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Table 7 Implications for clinical practice

From: Health comorbidities and cognitive abilities across the lifespan in Down syndrome

• Clinical guidance tends to be focussed on the needs of children with DS, but the pattern of comorbidities varies across the lifespan and surveillance needs to be adapted accordingly:
 o Epilepsy is more common in older adults compared to other age groups, and this is likely associated with the development of dementia.
 o Obstructive sleep apnoea requires on-going surveillance throughout the lifespan.
 o Thyroid disorders, particularly hypothyroidism, become more common with ageing.
 o Reflux is a common concern in children with DS.
 o Hearing and vision problems remain an important consideration throughout life, but these have different causes at different ages.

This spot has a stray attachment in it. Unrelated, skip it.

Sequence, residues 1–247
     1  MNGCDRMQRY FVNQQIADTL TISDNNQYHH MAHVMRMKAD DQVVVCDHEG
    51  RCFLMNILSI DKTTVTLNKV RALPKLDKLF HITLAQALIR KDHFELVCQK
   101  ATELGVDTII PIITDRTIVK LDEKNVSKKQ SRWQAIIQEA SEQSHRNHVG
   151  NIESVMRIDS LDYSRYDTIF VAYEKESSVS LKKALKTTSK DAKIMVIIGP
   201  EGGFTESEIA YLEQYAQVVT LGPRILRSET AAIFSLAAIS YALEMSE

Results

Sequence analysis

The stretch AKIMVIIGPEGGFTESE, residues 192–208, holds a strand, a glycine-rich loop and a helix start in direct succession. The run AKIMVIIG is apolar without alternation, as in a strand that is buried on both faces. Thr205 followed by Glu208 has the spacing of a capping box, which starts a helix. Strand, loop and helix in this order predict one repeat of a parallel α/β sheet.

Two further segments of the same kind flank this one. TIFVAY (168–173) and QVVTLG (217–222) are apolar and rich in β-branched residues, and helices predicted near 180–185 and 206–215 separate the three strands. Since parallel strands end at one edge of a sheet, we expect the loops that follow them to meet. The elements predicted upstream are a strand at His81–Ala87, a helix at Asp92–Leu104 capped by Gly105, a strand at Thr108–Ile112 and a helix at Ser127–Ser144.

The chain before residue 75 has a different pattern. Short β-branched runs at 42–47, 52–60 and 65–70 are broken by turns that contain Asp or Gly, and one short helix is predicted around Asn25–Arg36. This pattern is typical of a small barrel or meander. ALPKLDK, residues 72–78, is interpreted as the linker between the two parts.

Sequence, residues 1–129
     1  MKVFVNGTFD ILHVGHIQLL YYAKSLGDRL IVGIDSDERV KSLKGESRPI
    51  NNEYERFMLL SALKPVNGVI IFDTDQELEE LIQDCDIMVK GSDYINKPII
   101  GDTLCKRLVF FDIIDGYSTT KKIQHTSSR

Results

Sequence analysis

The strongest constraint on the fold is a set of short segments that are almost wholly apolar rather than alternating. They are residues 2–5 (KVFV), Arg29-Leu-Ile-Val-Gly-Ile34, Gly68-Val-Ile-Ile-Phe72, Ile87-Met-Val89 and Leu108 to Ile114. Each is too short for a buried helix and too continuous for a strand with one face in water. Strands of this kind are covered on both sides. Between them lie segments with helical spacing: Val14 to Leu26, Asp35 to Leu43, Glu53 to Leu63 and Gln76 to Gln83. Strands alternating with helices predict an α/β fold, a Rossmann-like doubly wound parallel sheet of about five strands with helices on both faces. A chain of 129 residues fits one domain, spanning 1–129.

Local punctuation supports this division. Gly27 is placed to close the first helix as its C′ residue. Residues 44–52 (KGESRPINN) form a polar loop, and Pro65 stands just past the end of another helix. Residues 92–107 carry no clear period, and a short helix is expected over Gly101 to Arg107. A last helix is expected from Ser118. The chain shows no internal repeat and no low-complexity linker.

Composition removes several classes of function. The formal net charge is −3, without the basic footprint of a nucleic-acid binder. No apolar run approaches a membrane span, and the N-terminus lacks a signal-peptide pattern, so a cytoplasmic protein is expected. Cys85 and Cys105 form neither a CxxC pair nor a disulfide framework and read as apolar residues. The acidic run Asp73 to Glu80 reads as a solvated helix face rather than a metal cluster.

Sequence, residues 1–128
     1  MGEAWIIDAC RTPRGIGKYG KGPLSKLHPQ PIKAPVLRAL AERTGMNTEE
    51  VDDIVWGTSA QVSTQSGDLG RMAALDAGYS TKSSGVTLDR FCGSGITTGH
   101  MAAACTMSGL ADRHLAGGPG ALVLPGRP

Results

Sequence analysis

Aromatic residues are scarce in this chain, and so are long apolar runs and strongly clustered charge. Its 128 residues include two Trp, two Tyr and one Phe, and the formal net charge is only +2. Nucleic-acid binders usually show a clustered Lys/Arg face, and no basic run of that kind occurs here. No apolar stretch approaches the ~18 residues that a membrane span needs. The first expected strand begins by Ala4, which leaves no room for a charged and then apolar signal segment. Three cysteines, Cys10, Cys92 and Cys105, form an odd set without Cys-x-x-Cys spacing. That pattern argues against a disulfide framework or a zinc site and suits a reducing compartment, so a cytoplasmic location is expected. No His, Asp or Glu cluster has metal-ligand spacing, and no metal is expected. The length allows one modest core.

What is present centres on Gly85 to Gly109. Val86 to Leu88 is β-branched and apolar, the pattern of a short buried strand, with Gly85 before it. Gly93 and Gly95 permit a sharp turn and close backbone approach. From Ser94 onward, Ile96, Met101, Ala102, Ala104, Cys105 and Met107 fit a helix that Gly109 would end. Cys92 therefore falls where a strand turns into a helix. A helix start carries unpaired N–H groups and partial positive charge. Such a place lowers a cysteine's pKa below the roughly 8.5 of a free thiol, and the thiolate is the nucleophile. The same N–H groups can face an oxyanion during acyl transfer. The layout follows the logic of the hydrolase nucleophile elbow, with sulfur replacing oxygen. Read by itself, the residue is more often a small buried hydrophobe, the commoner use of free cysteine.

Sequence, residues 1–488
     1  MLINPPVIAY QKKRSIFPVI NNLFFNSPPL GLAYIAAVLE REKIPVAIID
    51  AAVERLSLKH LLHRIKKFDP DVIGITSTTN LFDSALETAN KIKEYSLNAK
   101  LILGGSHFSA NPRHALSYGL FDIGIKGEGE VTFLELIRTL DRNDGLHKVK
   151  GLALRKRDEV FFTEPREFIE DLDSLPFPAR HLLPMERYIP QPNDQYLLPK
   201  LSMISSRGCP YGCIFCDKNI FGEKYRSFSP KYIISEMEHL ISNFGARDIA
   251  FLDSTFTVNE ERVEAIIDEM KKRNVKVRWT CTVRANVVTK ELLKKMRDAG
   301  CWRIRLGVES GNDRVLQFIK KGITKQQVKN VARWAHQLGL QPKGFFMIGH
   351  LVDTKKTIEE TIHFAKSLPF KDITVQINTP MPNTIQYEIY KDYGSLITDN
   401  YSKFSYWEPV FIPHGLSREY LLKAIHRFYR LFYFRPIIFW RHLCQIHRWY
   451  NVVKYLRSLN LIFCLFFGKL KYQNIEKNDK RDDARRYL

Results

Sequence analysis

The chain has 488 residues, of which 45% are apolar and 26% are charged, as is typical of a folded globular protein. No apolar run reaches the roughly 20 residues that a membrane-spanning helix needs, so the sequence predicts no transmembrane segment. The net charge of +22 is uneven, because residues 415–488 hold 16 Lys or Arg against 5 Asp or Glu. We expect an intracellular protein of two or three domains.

▪ For hearing, otitis media with effusion is a common issue in childhood, while other causes of hearing loss become important in adulthood.
  ▪ Vision problems increase across the lifespan, with the increased occurrence of cataracts in adulthood.
• Unlike in the typically developing population, most mental health conditions are equally common in males and females, requiring similar surveillance in both sexes to ensure equitable care.
• Neurodevelopmental disorders such as autism and ADHD are relatively common and do not show the same sex patterns as in the general population. These should be included in assessment and treatment guidance for all individuals.
• To improve cognitive outcomes, a focus on interventions for those with DS from lower SES families and for those with autism or epilepsy is required.